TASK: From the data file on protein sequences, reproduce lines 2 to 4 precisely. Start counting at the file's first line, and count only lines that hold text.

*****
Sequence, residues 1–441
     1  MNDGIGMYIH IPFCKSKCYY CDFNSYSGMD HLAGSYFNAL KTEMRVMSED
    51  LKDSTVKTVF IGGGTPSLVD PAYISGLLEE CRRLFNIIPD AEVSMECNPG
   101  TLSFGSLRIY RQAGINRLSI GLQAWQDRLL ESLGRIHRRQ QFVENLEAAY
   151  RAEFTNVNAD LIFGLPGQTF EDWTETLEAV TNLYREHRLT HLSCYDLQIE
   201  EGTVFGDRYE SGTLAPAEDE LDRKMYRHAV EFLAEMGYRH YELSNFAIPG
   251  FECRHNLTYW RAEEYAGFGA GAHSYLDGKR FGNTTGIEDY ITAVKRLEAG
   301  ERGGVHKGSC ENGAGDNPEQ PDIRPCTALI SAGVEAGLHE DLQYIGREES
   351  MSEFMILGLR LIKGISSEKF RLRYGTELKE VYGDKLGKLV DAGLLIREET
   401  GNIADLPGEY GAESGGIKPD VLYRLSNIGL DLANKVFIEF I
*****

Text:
     1  MNDGIGMYIH IPFCKSKCYY CDFNSYSGMD HLAGSYFNAL KTEMRVMSED
    51  LKDSTVKTVF IGGGTPSLVD PAYISGLLEE CRRLFNIIPD AEVSMECNPG
   101  TLSFGSLRIY RQAGINRLSI GLQAWQDRLL ESLGRIHRRQ QFVENLEAAY